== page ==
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November 1998, Vol. 121, No. 11
Sharon R. Cohany
In February 1997, information on workers in four alternative employment arrangements was obtained from the Current Population Survey (CPS). This marked the second time such information was collected through the CPS; the first was 2 years earlier. In general, the proportion of total employment accounted for by each arrangement, as well as the characteristics of the workers, was little changed since the previous survey in February 1995.1
The second survey confirmed that the characteristics of workers differed significantly between the arrangements as well as within them. People employed in two of these arrangements, temporary help agency workers and contract company workers, are employees of one company and carry out assignments for another. Workers who are on call do not have an established schedule for reporting to work. And workers in the largest group, independent contractors, are not employees in the traditional sense, but rather work for themselves.
About 12.6 million people, or 1 in 10 workers, were classified into one of these four alternative employment arrangements in February 1997, the same proportion as in the February 1995 survey. The proportions accounted for by each arrangement are shown in exhibit 1 and table 1. By far the largest arrangement was independent contractors, with 8.5 million, followed by on-call workers (2 million), temporary help agency workers (1.3 million), and contract company employees (800,000). The number of workers in all of these arrangements combined increased by 3 percent (400,000 people) over the 2-year period, about the same rate of growth as employment overall.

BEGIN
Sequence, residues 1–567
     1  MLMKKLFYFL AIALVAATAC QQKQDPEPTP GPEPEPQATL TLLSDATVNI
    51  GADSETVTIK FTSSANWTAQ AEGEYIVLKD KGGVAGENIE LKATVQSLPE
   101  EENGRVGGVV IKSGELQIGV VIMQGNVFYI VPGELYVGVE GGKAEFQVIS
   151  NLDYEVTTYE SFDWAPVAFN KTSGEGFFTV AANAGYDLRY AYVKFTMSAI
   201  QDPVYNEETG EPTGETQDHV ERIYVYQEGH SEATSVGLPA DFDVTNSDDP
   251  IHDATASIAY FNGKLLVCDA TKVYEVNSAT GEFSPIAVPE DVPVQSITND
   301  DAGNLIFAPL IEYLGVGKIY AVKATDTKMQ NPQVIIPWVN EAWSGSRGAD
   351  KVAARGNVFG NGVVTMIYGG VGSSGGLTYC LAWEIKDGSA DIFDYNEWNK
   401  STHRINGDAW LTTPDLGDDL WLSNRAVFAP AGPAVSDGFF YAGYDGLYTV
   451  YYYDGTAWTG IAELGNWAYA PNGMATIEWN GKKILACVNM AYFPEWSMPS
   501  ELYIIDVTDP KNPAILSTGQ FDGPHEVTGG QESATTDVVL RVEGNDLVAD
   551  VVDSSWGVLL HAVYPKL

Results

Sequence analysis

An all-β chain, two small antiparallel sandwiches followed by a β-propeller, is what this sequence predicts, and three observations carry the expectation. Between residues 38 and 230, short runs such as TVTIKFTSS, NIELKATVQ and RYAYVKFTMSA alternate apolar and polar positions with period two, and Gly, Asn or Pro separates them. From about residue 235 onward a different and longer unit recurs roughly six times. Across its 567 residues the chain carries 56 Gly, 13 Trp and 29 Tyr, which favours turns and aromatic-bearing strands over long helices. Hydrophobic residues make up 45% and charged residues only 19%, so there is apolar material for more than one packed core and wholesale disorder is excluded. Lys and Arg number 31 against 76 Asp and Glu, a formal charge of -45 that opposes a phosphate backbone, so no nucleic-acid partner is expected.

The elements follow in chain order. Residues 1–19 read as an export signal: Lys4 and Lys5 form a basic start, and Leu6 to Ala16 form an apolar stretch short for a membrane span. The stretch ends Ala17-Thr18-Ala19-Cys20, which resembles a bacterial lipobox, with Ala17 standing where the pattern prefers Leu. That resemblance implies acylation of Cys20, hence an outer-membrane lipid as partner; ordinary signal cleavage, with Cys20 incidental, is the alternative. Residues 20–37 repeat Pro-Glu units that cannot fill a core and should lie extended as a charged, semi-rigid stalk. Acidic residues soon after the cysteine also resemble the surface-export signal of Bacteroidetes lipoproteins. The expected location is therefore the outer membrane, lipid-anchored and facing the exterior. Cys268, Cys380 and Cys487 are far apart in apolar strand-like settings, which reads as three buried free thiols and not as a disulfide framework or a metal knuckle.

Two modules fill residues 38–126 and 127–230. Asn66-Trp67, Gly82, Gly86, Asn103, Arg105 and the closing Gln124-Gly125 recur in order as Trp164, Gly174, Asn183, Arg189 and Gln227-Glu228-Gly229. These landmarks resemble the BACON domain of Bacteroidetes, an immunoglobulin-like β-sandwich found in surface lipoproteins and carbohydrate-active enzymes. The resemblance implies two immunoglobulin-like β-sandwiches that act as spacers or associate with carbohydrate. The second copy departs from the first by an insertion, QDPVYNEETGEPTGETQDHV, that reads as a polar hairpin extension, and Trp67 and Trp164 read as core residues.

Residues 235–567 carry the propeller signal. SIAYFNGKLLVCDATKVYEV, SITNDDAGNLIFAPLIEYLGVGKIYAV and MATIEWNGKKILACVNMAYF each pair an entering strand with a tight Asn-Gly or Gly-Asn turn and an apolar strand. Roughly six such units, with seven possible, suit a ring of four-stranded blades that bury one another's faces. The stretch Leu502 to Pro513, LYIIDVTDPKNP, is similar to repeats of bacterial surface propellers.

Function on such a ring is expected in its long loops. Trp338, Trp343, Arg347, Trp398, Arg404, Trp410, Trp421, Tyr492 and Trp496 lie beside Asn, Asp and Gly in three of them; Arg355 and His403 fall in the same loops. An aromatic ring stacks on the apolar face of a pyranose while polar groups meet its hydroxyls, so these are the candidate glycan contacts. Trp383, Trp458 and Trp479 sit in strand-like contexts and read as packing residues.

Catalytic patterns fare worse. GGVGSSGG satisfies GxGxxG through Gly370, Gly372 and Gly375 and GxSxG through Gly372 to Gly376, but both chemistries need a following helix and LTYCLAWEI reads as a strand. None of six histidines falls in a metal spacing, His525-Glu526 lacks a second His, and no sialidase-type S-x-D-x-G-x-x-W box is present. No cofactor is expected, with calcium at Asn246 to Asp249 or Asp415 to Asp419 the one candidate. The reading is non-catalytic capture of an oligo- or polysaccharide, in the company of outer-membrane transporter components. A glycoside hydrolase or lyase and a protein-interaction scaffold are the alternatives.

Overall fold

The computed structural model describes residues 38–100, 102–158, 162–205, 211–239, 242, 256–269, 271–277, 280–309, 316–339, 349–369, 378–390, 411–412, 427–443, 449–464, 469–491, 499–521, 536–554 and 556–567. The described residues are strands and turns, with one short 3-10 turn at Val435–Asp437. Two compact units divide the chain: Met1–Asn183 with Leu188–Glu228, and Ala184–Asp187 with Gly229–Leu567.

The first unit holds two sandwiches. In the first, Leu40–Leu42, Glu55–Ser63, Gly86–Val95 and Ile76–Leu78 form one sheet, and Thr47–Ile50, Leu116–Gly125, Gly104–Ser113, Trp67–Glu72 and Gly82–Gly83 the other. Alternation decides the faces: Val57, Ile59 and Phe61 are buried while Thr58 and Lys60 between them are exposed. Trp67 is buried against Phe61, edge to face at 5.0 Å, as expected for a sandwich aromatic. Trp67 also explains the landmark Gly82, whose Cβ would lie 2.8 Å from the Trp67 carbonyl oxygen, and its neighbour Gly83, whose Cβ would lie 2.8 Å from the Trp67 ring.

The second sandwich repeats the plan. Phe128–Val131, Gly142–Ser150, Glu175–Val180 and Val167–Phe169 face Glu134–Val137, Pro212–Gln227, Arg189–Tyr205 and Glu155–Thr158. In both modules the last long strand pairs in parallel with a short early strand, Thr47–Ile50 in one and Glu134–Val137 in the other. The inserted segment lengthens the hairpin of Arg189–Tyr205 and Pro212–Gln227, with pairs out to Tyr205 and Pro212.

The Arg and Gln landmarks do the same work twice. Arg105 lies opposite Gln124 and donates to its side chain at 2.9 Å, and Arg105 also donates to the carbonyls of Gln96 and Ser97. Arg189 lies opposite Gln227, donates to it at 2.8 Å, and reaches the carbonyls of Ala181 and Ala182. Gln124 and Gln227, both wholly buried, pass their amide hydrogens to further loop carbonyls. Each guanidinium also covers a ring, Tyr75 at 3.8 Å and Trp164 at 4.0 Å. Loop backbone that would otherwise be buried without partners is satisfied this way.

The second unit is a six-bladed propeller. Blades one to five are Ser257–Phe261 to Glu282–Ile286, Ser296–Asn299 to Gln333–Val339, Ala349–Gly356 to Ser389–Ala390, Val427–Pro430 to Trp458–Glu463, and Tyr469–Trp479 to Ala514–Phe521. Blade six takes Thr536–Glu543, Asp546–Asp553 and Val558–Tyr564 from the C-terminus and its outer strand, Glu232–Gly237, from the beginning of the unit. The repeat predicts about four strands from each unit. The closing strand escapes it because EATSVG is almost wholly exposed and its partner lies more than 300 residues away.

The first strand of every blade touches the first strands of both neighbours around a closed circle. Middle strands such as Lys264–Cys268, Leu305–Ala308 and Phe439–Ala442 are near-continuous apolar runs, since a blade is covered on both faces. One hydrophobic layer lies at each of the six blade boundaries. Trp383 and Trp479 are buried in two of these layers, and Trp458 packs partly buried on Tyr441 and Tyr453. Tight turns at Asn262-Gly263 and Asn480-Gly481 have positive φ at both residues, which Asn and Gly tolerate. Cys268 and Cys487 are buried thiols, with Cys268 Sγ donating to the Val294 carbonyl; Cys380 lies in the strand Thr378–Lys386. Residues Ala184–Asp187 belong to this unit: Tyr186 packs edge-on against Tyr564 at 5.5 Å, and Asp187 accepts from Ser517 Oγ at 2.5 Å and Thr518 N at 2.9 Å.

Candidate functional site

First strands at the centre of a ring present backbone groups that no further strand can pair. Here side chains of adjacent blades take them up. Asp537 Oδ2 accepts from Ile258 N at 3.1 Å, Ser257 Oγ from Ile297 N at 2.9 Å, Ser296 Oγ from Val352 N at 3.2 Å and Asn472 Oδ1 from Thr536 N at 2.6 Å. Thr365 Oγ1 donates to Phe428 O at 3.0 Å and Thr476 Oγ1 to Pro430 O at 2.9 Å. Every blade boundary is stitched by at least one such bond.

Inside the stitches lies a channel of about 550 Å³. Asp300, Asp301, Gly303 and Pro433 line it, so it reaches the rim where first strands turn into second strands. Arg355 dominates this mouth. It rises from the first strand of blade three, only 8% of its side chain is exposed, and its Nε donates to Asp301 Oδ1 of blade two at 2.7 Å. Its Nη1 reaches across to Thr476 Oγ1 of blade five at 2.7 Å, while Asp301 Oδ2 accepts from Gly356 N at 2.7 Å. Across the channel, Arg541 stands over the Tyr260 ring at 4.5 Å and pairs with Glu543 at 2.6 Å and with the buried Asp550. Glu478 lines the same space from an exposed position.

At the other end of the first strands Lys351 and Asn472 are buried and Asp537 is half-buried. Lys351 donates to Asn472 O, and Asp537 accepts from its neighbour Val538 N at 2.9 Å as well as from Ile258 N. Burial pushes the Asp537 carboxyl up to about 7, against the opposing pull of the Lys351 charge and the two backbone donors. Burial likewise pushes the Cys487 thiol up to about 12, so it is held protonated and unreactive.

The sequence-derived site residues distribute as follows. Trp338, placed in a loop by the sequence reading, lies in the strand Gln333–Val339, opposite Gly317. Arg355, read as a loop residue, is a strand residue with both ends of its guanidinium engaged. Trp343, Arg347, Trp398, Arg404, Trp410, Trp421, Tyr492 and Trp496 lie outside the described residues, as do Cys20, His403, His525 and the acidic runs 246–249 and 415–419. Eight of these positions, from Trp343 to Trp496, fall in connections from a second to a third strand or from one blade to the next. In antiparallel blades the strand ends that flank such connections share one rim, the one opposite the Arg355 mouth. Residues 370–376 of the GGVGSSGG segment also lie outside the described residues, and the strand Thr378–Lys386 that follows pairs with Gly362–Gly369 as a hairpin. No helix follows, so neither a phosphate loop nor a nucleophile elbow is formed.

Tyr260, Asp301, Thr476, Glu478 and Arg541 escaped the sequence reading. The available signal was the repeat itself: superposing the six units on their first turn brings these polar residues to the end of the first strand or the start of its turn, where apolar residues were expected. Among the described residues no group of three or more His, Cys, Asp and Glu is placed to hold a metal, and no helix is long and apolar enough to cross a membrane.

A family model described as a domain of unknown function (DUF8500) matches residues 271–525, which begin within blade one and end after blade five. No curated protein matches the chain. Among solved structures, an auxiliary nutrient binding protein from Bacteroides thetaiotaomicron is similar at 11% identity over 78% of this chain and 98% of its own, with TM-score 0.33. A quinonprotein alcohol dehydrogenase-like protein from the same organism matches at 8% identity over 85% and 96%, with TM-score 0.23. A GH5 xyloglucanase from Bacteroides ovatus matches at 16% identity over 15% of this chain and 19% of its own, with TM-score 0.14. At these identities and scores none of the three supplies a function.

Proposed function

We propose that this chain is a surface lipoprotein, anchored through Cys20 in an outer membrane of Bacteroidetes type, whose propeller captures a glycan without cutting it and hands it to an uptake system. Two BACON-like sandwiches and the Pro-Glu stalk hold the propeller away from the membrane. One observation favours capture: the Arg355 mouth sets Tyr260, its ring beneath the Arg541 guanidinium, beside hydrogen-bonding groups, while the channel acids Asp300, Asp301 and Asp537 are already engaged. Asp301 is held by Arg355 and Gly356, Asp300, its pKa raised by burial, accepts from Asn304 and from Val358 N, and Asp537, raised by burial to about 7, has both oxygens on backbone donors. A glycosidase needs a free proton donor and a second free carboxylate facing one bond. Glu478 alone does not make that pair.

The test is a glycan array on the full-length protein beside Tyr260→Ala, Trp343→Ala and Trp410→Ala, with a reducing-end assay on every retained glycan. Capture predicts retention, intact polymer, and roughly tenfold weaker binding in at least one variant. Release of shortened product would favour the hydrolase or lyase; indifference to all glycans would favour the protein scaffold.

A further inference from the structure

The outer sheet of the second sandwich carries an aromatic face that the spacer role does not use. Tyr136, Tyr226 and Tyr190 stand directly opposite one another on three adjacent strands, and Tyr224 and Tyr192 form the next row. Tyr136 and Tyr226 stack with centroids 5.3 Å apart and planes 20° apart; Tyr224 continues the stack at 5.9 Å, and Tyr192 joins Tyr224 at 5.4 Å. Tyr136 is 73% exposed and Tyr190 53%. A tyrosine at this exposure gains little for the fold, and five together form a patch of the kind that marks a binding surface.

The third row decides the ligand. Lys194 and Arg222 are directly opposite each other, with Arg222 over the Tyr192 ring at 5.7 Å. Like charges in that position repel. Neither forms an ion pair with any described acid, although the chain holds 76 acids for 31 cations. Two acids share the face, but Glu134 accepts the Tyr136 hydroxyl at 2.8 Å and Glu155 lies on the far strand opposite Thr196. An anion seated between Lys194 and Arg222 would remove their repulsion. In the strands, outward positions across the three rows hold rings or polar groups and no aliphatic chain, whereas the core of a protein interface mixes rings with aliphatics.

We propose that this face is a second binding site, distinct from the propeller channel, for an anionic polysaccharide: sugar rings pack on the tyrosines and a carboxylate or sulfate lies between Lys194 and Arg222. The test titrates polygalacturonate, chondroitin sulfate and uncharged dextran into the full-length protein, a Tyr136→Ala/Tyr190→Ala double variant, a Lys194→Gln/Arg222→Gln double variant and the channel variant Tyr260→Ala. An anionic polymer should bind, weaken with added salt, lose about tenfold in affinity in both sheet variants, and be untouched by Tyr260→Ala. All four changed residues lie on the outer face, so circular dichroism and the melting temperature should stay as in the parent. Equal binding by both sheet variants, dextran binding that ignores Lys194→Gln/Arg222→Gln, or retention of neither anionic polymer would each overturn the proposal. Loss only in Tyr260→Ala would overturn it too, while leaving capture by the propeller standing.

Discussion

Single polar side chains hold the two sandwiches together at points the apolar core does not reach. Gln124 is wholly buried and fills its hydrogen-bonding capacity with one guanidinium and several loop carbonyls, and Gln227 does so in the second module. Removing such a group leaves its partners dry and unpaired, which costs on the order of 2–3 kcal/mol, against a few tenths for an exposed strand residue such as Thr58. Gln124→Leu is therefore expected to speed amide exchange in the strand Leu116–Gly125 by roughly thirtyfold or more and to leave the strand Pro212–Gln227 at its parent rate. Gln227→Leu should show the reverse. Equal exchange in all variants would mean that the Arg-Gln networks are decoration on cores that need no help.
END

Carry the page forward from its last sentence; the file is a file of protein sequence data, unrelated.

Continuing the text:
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1 Data from the February 1997 supplement to the Current Population Survey (CPS) were initially published as news release USDL 97422, "Contingent and alternative employment arrangements, February 1997," issued Dec. 2, 1997. The CPS, conducted for the Bureau of Labor Statistics by the Bureau of the Census, is a monthly survey of some 50,000 households that is the primary source of information on the labor force. All employed persons, except unpaid family workers, were eligible for inclusion in the February supplement. The current article updates two that appeared in the October 1996 Monthly Labor Review: "Workers in alternative employment arrangements," by Sharon R. Cohany, pp. 3145; and "Earnings and benefits of workers in alternative work arrangements," by Steven Hipple and Jay Stewart, pp. 4654.
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